street. North, in Belle Crest. The esti
mated cost of the building Is $2000.
$2000 Sale Made in Edgemont.
A lot located on the northwest cor
ner f East Twenty-fifth and Klickitat
streets has been sold by John Stewart
to Allen McDonell for $2000.
Ontario to lave Xcw Courthouse.
The sale of $30,000 in bonds, recently
authorized by the voters at a special
election for the construction of a, new
Courthouse at Ontario, has been sub
scribed by two local banks.
10,000 Church Planned.
Plans are being prepared at Myrtle
Point for the construction of a church
that will cost about $10,000. The build
ing will be erected next Summer.
Laurelhurst and Olmstead
Park Deals Are Made.
Single Lot With Improvements In
v Albina Sold for $4146 to A. H.
Birrell Trades Involve Resi
dences tind Lots.
Transfers in Laurelhurst last week
aggregated more than $60,000, F.' M.
Pilter alone taking title to about 26
lots in different sections of the tract.
A lot in Central East Portland was
sold. Its value is something more than
$4000. A number of residence sales
were made in Olmstead Park, aggre
gating $20,000. One sale in Albina to
A. H. Birrell involving a single lot and
improvements brought $4146. In Ver
non sales aggregating more than $10,
000 were made, all of residence prop
erty. In Central East Portland lotj, block
300, was sold by T. L. Perkins to H. H.
Carson, the consideration being nom
inal. The lot, which faces East Fif
teenth street, near East Alder, is val
ued at about $4000.
T. M. Word transferred to H. H.
Northup lot 1, block 9, Sunnyside, the
price being $895. M. F. Lawrence pur
chased of Sheriff Word fractional lots
in block 64, in Sunnyside, the price be
ing $2239.
Lot Sells for 24X.
Lucinda Gibson Renner sold to Mar
garet A. Boyer lot 16, in block 16. and
a portion of lot 15, block 7, Foxchase
Addition, for $2400. Mrs. Renner sold
to Muriel C. Orvin lot 14, block 15,
Foxchase Addition.
George W. Cutshaw purchased of the
University Land Company lots 6 and
7 and one-half of lots 1, 2, 3 and 4, all
in block 149, University Park, the con
sideration being $1500. In Foxchase
Addition Albert Donner sold a lot and
Improvements for $1900.
C. B. Hill transferred to G. A. Derby
lot 8 in block 2, Manning's Addition,
with a house, the price being $2600.
Two lots in Albina Homestead were
purchased by James S. Gleason from
Henry Kiecker for a nominal consider
ation. Mr. Gleason also took title to
lot 6, block 15, Williams avenue.
Albina Property Brings 414.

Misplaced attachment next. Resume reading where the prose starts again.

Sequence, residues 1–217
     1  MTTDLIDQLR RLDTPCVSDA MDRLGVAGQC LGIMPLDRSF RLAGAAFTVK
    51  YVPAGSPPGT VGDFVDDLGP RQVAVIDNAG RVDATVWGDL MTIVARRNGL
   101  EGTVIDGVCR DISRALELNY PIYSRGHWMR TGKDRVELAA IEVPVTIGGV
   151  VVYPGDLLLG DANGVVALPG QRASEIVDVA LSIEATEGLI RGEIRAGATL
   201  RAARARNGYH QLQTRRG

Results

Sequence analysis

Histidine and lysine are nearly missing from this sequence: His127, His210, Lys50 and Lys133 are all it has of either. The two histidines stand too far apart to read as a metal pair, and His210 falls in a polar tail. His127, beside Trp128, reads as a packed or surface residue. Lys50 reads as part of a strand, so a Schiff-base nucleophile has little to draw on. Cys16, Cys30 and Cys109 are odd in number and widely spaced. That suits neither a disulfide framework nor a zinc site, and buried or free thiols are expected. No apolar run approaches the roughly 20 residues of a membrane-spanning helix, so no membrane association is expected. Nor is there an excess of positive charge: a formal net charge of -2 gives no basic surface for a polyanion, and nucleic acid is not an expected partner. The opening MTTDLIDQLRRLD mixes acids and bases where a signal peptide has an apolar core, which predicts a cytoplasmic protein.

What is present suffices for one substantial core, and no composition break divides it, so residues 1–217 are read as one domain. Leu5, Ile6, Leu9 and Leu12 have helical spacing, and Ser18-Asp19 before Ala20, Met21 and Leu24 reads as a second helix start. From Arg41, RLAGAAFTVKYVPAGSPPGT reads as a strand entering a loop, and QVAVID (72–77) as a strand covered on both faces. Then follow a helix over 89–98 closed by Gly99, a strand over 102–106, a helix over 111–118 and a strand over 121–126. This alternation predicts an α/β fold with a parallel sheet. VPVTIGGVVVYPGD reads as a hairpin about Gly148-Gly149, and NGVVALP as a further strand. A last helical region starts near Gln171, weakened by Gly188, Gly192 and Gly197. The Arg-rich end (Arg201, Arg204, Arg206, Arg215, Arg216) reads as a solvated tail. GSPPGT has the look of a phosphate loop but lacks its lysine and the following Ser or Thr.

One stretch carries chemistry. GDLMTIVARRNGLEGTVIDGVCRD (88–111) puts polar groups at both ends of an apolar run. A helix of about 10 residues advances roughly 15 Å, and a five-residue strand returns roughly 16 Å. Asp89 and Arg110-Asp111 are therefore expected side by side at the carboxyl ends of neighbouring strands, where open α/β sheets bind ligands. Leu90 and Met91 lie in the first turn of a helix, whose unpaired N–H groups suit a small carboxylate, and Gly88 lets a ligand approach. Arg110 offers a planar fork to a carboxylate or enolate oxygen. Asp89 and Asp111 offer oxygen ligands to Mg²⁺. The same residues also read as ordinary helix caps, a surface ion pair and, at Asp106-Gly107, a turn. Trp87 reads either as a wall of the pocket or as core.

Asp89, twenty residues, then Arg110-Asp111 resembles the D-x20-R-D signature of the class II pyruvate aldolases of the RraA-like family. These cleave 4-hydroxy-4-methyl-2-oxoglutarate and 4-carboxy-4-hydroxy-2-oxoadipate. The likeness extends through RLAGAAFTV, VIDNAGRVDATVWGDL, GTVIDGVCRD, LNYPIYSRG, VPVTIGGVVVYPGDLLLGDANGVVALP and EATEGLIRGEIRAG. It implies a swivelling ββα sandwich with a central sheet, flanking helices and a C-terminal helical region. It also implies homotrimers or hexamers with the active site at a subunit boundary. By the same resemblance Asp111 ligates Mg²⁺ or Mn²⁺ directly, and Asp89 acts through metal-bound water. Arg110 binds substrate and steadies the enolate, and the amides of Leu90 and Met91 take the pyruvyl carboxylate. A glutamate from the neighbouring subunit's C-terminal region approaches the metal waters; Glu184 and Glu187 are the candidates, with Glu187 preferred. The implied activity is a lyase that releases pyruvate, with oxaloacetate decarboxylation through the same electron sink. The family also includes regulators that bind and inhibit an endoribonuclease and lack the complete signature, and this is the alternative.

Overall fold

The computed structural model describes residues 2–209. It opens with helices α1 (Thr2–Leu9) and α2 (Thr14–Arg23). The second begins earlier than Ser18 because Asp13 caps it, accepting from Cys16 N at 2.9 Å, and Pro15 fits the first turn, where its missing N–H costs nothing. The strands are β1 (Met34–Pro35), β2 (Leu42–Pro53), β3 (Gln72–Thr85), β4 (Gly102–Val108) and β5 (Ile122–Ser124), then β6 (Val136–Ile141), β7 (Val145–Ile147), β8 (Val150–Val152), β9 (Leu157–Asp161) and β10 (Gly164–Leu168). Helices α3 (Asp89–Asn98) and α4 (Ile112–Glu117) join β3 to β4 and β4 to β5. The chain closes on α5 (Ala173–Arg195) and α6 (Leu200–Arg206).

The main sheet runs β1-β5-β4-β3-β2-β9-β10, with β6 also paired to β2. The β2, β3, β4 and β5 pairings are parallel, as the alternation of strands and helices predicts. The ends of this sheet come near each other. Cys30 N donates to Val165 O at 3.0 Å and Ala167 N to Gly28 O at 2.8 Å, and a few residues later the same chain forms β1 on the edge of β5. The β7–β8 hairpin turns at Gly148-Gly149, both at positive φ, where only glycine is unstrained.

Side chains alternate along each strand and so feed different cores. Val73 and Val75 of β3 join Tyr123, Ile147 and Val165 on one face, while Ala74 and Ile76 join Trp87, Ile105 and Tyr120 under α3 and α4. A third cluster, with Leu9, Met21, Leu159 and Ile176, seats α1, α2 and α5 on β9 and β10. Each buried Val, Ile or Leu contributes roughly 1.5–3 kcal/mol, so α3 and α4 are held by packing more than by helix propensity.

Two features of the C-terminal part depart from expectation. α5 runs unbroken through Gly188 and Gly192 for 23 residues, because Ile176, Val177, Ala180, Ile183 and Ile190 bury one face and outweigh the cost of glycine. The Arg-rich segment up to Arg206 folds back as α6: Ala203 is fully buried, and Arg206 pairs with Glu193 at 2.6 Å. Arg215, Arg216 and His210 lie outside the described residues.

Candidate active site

T. M. Word sold to A. H. Birrell
Company lots 7 and 8, in block 4. Cen
tral Albina, for $4146. The property is
located at the corner of Skidmore and
Kerby streets and is occupied with
America A. Douglass sold to James
A. Douglass a house and lot 13, in block
4, Firland, for $2500. W. A. Hedges
took title to two lots in Hyde Park
from the Bankers' Investment Com
pany. D. W. Sheahan purchased in Rose
City Park lots 5 and 6, in block 86, of
James O. Reed for $1250. Hartman &
Thompson sold to Gus L. Deines a tract
in Parkrose, on the Sandy road, for
Fractional Lots Sell for $3230.
George A. Ross took title from
George S. Woodford to parts of lots In
Failing Addition for $3250. In Riggs
Addition J. H. Nash purchased lot 10,
in block 4, from S. A. Paul, the price
being $1000.
H. E. Noble sold to Louise Goddard
a house and lot in Tremont Place for
$1150. RobeH M. Vanderhoof pur
chased of Hiram M. Cole a tract in De
Lashmutt & Oatman's Little Homes
Addition, the consideration being $2400.
The Laurelhurst Company has sold to
Caroline A. Barnes lots 19 and 20, in
block 87, Laurelhurst, for $2980. J. F;
Eddy took title to lot 19, in block 111,
Laurelhurst; W. T. Muellhaupt pur
chased in Laurelhurst lot 13, in block
50, for $1150; Eunice Sargent took
title to lots 7 and 8, block 25, Laurel
hurst, for $3150; Arndt Anderson, lot
24, block 32, Laurelhurst; Louise Sla
ter, two lots, $2800, and the Laurel
hurst Club two lots. $4400.
Sherman County Wheat Ranch and
Farm Change Hands at Agrgrrearate
Consideration of $35,000.
Several farm sales of importance
were closed in Eugene last week by
the realty firm of Peterson, Skotheim
& Co. For C. A. Bonnett, of Eugene,
and associates they sold an 882-acre
wheat ranch in Sherman County to C.
R. Bruckert, a Lane County farmer.
As part of the consideration Mr. Bruck
ert transferred his 180-acre place, lo
cated 11 miles west of Eugene, to Mr.
Bonnett. The aggregate consideration
for the two properties is announced as
$35,000. The Sherman County farm is
equipped wtih hogs. The new owner
will dry farm it.
Last Thursday the ' same company
sold a 160-acre place situated near
Creswell to D. M Parry, who has oper
ated a, farm near Co burg, Lane County,
since liis arrival from the Central West.
This farm sold for $9000.
The Peterson-Skotheim company
also reports the sale to B. R. Cook, of
Eugene, of 42 acres & few miles west
of Eugene, formerly owned by M. A.
Trunnell. By the terms of the deal
Mr. Trunnell becomes the owner of a
house and lot in Chambers' Addition
to Eugene. The value of the proper
ties is cited as $5000.
Lane County Properties Traded.
Arthur Lindley has traded his 36
acre place near Natron to F. J. Berger,
the Eugene hardware merchant, for
Mr. 'Berger's 400-acre stock ranch, lo
cated two miles from Goshen. The
stock ranch was listed at $10,000, Mr.
Lindley paying $1000 to balance the
trade. The deal was made through E.
F. Bean. .